Legendary author Guy N. Smith took time out from his busy schedule to answer some questions, and offer a sneak peek at what he’s working on now. Pull up a comfortable chair, tamp some tobacco into your pipe and lite it, and sit back and enjoy!
TM: Can you tell me what books you read as a child that inspired you? And do you have any favorite authors that you follow today?
GNS: As a child I read Enid Blyton extensively and W.E. Johns (Biggles). I also took 14 boys' papers/comics every week paid for out of my gardening money. I had a regular round of 4 local gardens to maintain. My favourite authors from my teenage years onwards were Leslie Charteris (The Saint), Sapper (Bulldog Drummond), Conan Doyle (Sherlock Holmes), John Buchan and westerns by Zane Grey and Oliver Strange (Sudden). I have a collection of several thousand vintage books in both genres and often re-read some of my favourites.
TM: I consider The Pony Riders a masterpiece. It’s also a long book, perhaps your longest. Have you thought about writing another Western?
GNS: I am considering another western. However, this year sees The Reaper, a novel about a feared master criminal who is also a disciple of Satan and, coinciding with my Fan Club Convention (September 2nd), the long promised Sabat 5. This is set in Wistman's Wood on Dartmoor, the most haunted wood in the UK. Christmas will see a history of shotgun cartridges over the past century. Collecting these is a fast growing hobby in both the UK and USA.
TM: The two Jason Ford books and the two John Mayo books are really contemporary thrillers. Is this type of police procedural and thriller something we can look forward to in the future?
GNS: Yes. The Reaper drops into this category.
TM: The Wood is among my all-time favorite horror novels. Do you have a favorite among your horror novels?
GNS: I guess my favourite is The Slime Beast set on the Wash where I used to go wildfowling in the 1960s which gave me the idea for the book.
TM: Recently you’ve published sequels to some of your previous novels - Killer Crabs: The Return and Spawn of the Slime Beast. Do you have any other sequel surprises lined up for us?
GNS: Sabat 5 as already mentioned. Currently I am awaiting the film script of The Slime Beast. There is also some interest in Killer Crabs but I cannot reveal more on this at present.
TM: How many hours in a week do you spend writing, and do you have any general advice to any young writers that will read this?
GNS: I generally write in the mornings, 2-3 hours. I write by hand as I have always done and have no intention of changing to a keyboard. I find handwriting much faster and easier. Regarding advice to young writers: spend time on a detailed synopsis then think hard and long about the plot and characters. Writing the book will be much easier this way and any changes will come naturally.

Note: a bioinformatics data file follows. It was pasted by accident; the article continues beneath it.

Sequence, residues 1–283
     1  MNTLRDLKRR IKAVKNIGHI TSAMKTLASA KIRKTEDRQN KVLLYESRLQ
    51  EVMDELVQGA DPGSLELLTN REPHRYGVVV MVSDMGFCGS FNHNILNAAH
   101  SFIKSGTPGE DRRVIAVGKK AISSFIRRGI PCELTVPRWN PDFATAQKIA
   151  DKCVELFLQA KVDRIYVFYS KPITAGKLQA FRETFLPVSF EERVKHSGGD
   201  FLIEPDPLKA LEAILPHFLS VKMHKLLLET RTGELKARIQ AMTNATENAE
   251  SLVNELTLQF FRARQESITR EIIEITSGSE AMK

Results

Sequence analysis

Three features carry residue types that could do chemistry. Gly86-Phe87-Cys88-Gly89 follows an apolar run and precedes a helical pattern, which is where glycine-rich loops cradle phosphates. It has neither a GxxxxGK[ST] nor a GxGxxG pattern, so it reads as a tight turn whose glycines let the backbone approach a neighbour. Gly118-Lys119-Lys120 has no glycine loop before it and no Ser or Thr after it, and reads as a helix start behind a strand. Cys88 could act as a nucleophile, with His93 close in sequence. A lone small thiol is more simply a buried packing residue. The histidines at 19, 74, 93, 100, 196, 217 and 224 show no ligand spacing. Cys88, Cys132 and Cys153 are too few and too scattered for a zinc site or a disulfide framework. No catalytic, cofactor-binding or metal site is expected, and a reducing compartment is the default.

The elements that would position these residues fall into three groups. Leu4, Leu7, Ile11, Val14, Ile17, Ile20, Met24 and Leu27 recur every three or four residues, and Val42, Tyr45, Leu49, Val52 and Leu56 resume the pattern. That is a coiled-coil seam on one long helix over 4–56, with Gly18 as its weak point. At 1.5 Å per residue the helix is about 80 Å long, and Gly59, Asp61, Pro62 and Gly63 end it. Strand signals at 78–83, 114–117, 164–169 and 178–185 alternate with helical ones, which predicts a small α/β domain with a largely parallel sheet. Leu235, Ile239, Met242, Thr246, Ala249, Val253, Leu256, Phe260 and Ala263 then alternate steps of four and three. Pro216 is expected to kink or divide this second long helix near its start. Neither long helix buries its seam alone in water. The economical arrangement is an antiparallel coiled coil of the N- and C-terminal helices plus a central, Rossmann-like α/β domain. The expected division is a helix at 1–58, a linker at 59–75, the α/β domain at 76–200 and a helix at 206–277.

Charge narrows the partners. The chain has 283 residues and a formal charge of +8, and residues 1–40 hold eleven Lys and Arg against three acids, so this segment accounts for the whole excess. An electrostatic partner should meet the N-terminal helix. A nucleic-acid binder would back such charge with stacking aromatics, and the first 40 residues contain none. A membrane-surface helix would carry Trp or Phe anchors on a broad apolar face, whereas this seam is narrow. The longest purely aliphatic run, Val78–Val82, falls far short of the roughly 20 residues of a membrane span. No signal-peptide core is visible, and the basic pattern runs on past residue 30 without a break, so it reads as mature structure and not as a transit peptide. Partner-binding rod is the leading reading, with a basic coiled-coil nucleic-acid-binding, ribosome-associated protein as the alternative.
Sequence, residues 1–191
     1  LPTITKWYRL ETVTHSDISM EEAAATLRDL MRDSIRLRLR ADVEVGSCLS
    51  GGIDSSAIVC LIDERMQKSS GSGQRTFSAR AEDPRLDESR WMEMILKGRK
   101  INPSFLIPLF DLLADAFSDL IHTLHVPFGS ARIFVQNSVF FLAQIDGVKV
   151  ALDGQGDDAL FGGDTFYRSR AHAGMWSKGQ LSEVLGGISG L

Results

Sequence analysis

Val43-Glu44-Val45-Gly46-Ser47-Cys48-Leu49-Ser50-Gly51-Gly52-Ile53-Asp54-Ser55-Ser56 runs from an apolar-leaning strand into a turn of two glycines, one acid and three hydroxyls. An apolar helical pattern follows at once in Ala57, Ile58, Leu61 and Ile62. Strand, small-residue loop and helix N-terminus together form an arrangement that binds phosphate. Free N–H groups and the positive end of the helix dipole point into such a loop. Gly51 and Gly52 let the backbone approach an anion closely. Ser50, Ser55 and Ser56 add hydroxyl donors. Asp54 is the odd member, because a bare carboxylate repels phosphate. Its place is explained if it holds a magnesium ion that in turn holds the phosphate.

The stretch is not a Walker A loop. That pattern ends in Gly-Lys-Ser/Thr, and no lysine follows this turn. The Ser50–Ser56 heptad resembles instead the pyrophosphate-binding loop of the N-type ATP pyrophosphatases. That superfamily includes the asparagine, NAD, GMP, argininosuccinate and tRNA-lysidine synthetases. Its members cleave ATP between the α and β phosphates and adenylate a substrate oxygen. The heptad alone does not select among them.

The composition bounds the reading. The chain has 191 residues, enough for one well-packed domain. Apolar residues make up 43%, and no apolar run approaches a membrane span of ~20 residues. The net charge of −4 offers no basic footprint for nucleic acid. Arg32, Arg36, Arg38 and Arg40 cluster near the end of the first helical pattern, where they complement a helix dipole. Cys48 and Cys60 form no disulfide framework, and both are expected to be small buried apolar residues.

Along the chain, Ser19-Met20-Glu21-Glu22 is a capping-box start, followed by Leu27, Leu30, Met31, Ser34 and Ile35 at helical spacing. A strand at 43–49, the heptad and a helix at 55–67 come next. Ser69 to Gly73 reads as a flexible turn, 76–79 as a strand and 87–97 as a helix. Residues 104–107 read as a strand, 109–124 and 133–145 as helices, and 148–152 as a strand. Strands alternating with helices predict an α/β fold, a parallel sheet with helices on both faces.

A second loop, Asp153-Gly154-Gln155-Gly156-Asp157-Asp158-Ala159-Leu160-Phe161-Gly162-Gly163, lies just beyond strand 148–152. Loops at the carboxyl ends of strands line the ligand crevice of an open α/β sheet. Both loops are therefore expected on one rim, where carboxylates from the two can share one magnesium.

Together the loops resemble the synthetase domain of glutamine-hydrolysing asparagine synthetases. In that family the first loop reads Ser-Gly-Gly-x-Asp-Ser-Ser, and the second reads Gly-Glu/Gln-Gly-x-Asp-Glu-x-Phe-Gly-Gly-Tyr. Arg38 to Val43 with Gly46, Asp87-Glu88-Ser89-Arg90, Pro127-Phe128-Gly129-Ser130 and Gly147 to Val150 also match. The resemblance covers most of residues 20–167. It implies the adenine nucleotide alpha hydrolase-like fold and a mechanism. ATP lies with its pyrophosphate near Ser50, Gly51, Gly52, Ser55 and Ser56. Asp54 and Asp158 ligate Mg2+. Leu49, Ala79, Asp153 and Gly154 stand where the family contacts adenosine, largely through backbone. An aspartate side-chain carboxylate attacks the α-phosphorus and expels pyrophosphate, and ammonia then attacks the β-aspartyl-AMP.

TM: I read on your website that your house at Black Hill is haunted. Can you tell me a little about that?
GNS: Yes, my house is haunted - by my mother who lived here for the last 2 1/2 years of her life. I have seen her personally as did our grandson at the age of 5 who stayed here and slept in her room. He had never seen her but he described her to perfection. She is still active - very annoying, things disappear and then turn up days, weeks later!
TM: The history of the druids plays a role in several of your novels. That’s wonderful, rich material. How much research do you do when you’re writing?
GNS: I do a lot of research, on-going not just when I am considering a novel. I make notes of various observations and ideas for future use. Then often an idea occurs to me and I have them at hand for reference. There are ideas all around us.
TM: A bog plays a role in The Sucking Pit, one of your most popular novels. Do some of these ideas stem from your active countryside lifestyle? You must have encountered a spooky bog a time or two.
GNS: The Sucking Pit is a strong favourite of mine. When I was aged about 6 my grandfather used to take me for Sunday afternoon walks in Hopwas Wood. This was just after World War II and a German bomb intended for a nearby railway line missed its target, landed in the wood and the result was this huge crater which filled with water and algae. Fearing that I might at some stage go there on my own and drown, my Grandpa told me that horrible creatures lurked below the surface. It was all very scary and resulted in the book years later. Fairly recently I revisited the site and found that the crater had filled in over the years and did not exist any longer. However, it was a good plot for the book.
TM: Thank you for taking time to answer these questions!
GNS: I am most grateful to my many fans. Any who wish to get in touch with me are welcome to do so. Everybody receives a personal reply from myself. Nobody is ever ignored.